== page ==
ROCKLAND — The city committee that has provided Rockland with a roadmap to becoming less reliant on fossil fuels as a way to combat climate change is urging the City Council to preserve the sustainability coordinator.

The proposed 2022-2023 budget submitted last week by City Manager Tom Luttrell cut the position that has been vacant for a year.

“The Rockland Energy and Sustainability Advisory Committee strongly advises the City Council to ensure the position of Sustainability Coordinator is retained in the 2023 budget,” a letter from the Committee states.

The committee met Friday, May 6, in order to get their sentiment to the Council before it begins its budget review. The Council will begin its budget review Wednesday, May 11, at a 5:30 p.m. meeting.

Energy Committee Chair Ret Talbot read the letter to the Council at its Monday, May 9, meeting.

“When this committee proposed climate action planning to Council in the spring of 2019, committee members clearly laid out why the climate action goals they recommended necessitated dedicated roles and positions in city government, and they made one very specific ask: ‘Hire a sustainability coordinator,'” the committee stated.

The committee argued budgets show its priorities,” the letter stated.

“If we are to prioritize the planet and our health and survival, we need to budget for the item,” the committee stated. “They were also clear, however, it wasn’t just about saving the planet. The committee provided data showing a sustainability coordinator would represent a net financial gain to the City. In short, a sustainability coordinator would be a win-win for the City, both advancing Rockland’s ambitious climate goals and positively affecting our bottom line.”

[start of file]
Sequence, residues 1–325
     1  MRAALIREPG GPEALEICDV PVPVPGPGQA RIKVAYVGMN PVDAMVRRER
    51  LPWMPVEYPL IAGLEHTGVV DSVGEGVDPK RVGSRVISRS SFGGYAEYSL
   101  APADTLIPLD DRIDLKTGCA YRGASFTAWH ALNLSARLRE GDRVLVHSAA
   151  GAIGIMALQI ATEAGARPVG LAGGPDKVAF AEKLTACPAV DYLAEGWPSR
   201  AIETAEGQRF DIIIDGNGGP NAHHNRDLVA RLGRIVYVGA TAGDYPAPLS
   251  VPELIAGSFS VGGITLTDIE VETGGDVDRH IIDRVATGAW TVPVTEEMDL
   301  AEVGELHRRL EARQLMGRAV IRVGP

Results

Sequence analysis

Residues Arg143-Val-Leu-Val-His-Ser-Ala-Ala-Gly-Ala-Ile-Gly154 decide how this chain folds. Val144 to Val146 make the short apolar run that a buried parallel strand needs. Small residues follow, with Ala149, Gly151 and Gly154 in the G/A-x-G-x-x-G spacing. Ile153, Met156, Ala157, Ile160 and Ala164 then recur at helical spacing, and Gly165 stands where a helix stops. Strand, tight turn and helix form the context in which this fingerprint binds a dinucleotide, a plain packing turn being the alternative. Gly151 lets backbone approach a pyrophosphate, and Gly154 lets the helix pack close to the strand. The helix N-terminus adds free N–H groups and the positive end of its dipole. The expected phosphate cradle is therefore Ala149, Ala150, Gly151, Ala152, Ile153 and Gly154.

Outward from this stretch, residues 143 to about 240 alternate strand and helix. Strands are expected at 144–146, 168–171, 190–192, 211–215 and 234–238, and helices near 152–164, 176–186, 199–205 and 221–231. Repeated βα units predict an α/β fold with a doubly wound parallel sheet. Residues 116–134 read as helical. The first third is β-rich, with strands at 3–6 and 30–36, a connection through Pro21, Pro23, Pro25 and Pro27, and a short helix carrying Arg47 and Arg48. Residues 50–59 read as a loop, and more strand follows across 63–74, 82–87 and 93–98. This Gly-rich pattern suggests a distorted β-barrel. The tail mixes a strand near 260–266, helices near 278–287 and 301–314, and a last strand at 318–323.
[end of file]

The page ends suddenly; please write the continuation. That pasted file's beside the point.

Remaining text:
In August 2019, the Council committed to the ambitious goal of carbon neutrality by 2045.

The City hired a part-time sustainability coordinator, Davis Saltonstall, in December 2019.  The Committee noted over the next year, Rockland made significant progress on its climate action goals, including securing $16,000 in grant funding and saving $135,000 in estimated annual energy costs. In spring 2021, the City reported a 54% estimated carbon reduction from city government’s total energy use over the 2018 baseline.

“While not all of these grants and savings were the direct result of the Sustainability Coordinator, clearly Rockland’s $25,000 investment in a part-time position was a good investment and a step in the right direction toward achieving the City’s stated climate goals,” the Committee stated in its letter.

The Committee also pointed out Rockland will soon adopt a new comprehensive plan representing the community’s sustainability goals.

“It’s clear the draft comprehensive plan assumes a sustainability coordinator will be on city staff. Close to a third of the actions and strategies outlined in the sustainability chapter are identified as the responsibility, at least in part, of the Sustainability Coordinator and/or our committee,” the Committee stated.

“As a committee, we understand these are difficult economic times. We also understand, as the Budget Working Group explained in their preamble to the proposed budget, a driving force behind the 7.2% increase in municipal appropriations is ‘outrageous fuel prices.’ While we acknowledge fuel prices are high and volatile, we maintain that eliminating the sustainability coordinator position will only perpetuate the problem. We affirm, as the Council did in 2019, a sustainability coordinator is crucial to successfully lowering our energy costs by improving our energy independence and reducing our energy consumption. Further, the interests of the voters will be improved by having this dedicated staff person working on their behalf to lower both municipal and taxpayer energy costs, in addition to undertaking multiple initiatives that will relieve future budgets from similar outrageous expenses.” the Committee stated.

Councilor Nate Davis praised the Committee for its feedback and noted its passion about the issue.